PURPOSE: The present follow-up study was carried out to evaluate the performance of Class II CEREC® inlays after 10 years of clinical service.

MATERIALS AND METHODS: Sixty-six Class II CAD/CAM ceramic inlays were placed in 27 patients. Each patient received at least one inlay luted with a dual-cured resin composite and one inlay luted with a chemically cured resin composite. At the 10-year recall, 25 (93%) patients with 61 (92%) inlays were available for evaluation using a slight modification of the USPHS criteria.

RESULTS: Fifty-four (89%) of the 61 inlays reevaluated still functioned well at the 10-year recall. During the follow -up period, seven (11%) of the inlays required replacement because of: four inlay fractures, one cusp fracture, endodontic problems in one case, and postoperative symptoms in one case. All the replaced inlays had been luted with the dual-cured resin composite. The fractured inlays were all placed in molars. The estimated survival rate after 10 years was 89%, 77% for the dual-cured resin composite-luted inlays and 100% for the chemically cured resin composite-luted ones. The difference was statistically significant.

CONCLUSION: Patient satisfaction with and acceptance of the CEREC®
inlays were high, and the performance after 10 years of clinical service was acceptable, especially regarding the inlays luted with the chemically cured resin composite. The properties of the luting agents seem to affect the longevity of the type of ceramic inlays evaluated.

[Dr. Rosenberg’s Note: Both cements and the 3D software have improved by “generations” since this ten study was begun and today’s CEREC® 3D restorations should be even more accurate and last longer.]
 

Posselt A, Kerschbaum T. Klinik fur Zahn-, Mund- und Kieferheilkunde, Universitat zu Koln Abtlg. fur Vorklinische Zahnheilkunde, Koln-Lindenthal, Germany. aposselt@gmx.de
Longevity of 2328 chairside CEREC® inlays and onlays. Int J Comput Dent. 2003 Jul;
6(3):231-48.

In a dental practice, 2328 ceramic inlays were placed in 794 patients. The restorations were manufactured chairside using CEREC® technology and adhesively inserted at the same appointment. The clinical performance of the restorations was evaluated with the Kaplan-Meier analysis. The probability of survival was 95.5% after 9 years; 35 CEREC® restorations were judged as failures. The prognosis for success was not significantly influenced by restoration size, tooth vitality, treatment of caries profunda (CP), type of tooth treated, or whether the restoration was located in the maxilla or mandible. The most common type of failure was the extraction of a tooth. In a clinical follow-up light -microscopic examination of 44 randomly selected restorations, an average composite joint width of 236.3 microns was found. 45.1% of the restorations exhibited a perfect margin, and 47.4% of the investigated joint sections showed underfilled margins.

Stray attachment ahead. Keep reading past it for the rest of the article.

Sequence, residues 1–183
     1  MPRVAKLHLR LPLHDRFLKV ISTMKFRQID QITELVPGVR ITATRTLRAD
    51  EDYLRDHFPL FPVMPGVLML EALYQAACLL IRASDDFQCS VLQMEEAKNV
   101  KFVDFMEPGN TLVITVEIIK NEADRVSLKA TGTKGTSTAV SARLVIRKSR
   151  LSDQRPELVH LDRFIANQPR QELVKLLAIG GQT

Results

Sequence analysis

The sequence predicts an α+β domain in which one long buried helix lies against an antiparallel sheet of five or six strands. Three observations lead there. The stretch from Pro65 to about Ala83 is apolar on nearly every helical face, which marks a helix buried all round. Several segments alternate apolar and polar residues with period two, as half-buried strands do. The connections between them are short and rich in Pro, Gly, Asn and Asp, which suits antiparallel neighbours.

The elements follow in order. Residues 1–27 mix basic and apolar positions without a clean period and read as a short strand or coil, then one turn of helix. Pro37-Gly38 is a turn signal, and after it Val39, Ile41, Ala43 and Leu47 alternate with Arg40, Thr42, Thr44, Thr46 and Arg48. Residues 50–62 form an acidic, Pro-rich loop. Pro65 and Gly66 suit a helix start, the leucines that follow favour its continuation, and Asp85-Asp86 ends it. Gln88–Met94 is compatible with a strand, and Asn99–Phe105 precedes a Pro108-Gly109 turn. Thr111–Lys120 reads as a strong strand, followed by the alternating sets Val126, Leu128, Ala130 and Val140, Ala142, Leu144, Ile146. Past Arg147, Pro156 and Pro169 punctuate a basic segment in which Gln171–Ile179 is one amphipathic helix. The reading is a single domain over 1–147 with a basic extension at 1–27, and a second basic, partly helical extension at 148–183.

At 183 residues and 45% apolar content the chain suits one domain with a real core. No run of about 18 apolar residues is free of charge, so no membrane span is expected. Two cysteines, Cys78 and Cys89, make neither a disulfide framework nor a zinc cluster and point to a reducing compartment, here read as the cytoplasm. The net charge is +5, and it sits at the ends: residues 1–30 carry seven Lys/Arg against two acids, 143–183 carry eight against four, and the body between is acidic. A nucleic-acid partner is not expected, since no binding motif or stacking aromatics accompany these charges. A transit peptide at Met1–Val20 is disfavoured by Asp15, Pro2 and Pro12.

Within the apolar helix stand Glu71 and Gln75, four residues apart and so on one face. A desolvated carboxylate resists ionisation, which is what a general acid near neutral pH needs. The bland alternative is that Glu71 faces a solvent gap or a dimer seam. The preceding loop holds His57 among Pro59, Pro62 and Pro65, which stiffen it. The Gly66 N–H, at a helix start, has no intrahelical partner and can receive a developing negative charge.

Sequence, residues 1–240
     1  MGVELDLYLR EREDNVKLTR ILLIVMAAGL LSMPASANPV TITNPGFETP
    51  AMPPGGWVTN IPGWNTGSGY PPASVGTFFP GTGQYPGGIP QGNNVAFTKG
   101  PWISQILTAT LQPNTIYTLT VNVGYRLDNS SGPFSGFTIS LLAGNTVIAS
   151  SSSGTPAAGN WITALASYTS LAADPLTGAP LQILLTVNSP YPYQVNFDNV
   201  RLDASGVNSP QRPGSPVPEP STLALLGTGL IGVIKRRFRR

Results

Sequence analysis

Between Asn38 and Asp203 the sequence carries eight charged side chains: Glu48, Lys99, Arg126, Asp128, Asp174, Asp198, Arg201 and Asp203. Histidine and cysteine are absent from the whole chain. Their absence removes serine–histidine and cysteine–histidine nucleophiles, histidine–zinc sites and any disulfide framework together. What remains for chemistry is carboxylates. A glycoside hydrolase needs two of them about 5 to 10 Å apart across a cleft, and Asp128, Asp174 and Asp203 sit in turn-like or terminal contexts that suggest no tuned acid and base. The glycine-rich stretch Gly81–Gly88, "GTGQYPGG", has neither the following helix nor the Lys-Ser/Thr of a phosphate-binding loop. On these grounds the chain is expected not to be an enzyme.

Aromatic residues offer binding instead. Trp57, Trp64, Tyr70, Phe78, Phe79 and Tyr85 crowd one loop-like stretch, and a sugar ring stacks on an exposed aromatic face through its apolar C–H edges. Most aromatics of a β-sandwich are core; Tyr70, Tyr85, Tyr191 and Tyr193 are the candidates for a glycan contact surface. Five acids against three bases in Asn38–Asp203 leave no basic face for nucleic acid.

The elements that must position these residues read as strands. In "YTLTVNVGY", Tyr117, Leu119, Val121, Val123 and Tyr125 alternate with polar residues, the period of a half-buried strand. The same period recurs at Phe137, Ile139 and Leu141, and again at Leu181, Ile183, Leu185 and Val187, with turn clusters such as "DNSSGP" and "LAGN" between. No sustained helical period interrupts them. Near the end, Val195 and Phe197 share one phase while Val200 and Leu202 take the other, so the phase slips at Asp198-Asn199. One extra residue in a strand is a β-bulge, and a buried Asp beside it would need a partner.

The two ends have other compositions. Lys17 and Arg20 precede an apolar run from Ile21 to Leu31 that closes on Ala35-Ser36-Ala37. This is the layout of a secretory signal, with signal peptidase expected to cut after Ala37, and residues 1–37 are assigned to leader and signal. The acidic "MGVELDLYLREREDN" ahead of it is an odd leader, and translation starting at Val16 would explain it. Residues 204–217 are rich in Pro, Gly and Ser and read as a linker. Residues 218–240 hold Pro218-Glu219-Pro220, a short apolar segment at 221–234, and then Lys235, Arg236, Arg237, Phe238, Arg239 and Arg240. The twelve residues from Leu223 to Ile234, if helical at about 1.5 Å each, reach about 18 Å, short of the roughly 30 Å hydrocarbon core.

[Dr. Rosenberg’s Note: Both cements and the 3D software have improved by “generations” since this ten study was begun and today’s CEREC® 3D restorations should be even more accurate and last longer.]
 

Nakamura T, Dei N, Kojima T, Wakabayashi K. Division of Oromaxillofacial Regeneration, Osaka University Graduate School of Dentistry, Suita, Japan. tnakamur@dent.osaka-u.ac.jp
Marginal and internal fit of CEREC® 3 CAD/CAM all-ceramic crowns.
Int J Prosthodont. 2003 May-Jun;16(3):244-8.

PURPOSE: The purpose of this study was to examine the effects of the occlusal convergence angle of the abutment and the computer's luting space setting on the marginal and internal fit of CEREC® 3 computer-aided design/manufacturing (CAD/CAM) all-ceramic crowns.

MATERIALS AND METHODS: Mandibular second premolar all-ceramic crowns were fabricated for nine different conditions using CEREC® 3: all combinations of abutments with three different total occlusal convergence angles (4, 8, and 12 degrees) with three different luting space settings (10, 30, and 50 micron). The completed crowns were seated on the abutments, and the marginal gaps were measured. The internal gaps between the crowns and abutments were also measured, using test-fit silicone paste.

RESULTS: When the luting space was set to 10 micron, the marginal gaps of the crowns were greater than when it was set to 30 or 50 micron. When the luting space was set to 30 or 50 micron, the marginal gaps ranged from 53 to 67 micron and were not affected by the occlusal convergence angle of the abutment. The internal gaps were within a range of 116 to 162 micron and tended to decrease as the occlusal convergence angle of the abutment decreased.

CONCLUSION: When the luting space was set to 30 micron, crowns with a good fit could be fabricated on the CEREC® 3 system, regardless of the occlusal convergence angle of the abutment.